Handmade Batik School Uniforms

Culture Workshop

During the first week of the Bridge Program students are instructed on making the Batik fabric to be used for their own uniforms. This memorable and impactful visual arts workshop has been happening since 2018. Our Batik Master, Bismark Cudjoe, who is a graduate of the Trinity Yard School, leads the students through the process. 

Though the practice originated in Asia in the 13th century, Batik making has a long history in Africa, especially in Ghana. The tradition has been passed on from generation to generation. This unique artwork involves a series of traditional techniques for dyeing fabrics and creating beautifully patterned textiles. It is a well-respected art form world-wide and a source of livelihood for many Ghanaians.Learning the process of Batik making gave the students both the opportunity to learn a new skill, and appreciate their cultural heritage. This is a key component of Trinity Yard Schools mission: to support the youth through access to knowledge and resources.

They watched their handiwork reveal itself, after they had gotten rid of the impressed wax by dipping their dyed fabrics in boiling water. After the exercise, measurements for all students were taken by tailor and alumni, Kingsford Kofi, to prepare them for the next stage in the cutting and sewing of the fabric.

Trinity Yard Students Drying their Batik Cloth

Students were thrilled at the prospect of being able to design the uniforms that would serve them for their two-year bridge program. They all agreed on the patterns of the batik design, and assisted in carving out the design on sponge blocks. Bismark coordinated the process, giving clear instructions and demonstrations of each step. Students were each given plain cotton fabrics to be used for the exercise. The wax was melted and the the students worked meticulously, stamping patterns of the melted wax with their designed blocks. Then the wax stamped fabrics were immersed in dye baths containing their chosen color.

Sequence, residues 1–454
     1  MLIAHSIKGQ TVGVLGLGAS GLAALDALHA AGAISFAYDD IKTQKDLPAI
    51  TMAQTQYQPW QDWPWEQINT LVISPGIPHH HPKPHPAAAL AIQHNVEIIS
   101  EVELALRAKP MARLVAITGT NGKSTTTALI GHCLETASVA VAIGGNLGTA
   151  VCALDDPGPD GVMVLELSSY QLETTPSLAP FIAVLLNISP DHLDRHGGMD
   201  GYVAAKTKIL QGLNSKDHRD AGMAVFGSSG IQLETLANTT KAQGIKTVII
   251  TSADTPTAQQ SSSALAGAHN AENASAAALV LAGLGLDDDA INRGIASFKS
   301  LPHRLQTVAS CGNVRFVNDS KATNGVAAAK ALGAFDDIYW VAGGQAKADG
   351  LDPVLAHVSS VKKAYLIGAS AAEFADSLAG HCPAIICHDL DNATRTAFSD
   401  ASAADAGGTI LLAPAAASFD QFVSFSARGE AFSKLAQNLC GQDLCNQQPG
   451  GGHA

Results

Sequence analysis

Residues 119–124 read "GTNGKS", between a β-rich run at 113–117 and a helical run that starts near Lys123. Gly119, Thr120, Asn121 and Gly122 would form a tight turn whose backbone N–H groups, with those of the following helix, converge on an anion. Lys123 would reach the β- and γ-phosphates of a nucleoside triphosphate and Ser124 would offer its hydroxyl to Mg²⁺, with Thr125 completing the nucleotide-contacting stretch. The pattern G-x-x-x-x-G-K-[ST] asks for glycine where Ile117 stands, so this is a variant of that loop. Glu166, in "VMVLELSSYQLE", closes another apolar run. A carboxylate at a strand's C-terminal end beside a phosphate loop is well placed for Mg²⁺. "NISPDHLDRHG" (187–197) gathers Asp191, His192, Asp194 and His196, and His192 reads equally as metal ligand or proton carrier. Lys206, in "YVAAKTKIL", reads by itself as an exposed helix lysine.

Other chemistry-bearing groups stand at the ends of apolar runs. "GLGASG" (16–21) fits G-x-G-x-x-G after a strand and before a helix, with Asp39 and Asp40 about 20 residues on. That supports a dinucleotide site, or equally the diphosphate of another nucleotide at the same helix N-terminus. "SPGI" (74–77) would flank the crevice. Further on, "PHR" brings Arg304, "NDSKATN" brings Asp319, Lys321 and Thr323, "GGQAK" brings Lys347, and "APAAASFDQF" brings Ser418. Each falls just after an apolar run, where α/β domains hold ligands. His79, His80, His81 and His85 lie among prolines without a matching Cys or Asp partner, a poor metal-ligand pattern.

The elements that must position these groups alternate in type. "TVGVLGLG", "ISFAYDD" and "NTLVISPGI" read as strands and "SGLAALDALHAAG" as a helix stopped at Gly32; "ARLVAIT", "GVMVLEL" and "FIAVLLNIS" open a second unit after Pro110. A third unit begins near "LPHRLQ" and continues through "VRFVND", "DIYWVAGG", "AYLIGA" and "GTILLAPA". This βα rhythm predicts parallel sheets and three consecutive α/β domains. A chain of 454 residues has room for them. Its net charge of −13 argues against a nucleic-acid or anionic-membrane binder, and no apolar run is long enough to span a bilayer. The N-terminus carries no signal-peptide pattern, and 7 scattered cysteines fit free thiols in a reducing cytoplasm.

They watched their handiwork reveal itself, after they had gotten rid of the impressed wax by dipping their dyed fabrics in boiling water. After the exercise, measurements for all students were taken by tailor and alumni, Kingsford Kofi, to prepare them for the next stage in the cutting and sewing of the fabric.

Culture Workshop Batik Uniforms

This practical hands-on workshop helped the students understand the hard work and detailed processes involved in producing a piece of batik fabric.  Their creativity has been stimulated and the skills to explore a new medium have been attained.The students learned that batik making requires precision and interest in the arts. It had been a long day for the students, but the pleasure of designing and making the patterned fabric for their own uniforms has been worth it.  You could read the satisfaction in their eyes, while they admired the colorful fabrics.

Final Design of TYS Class Uniform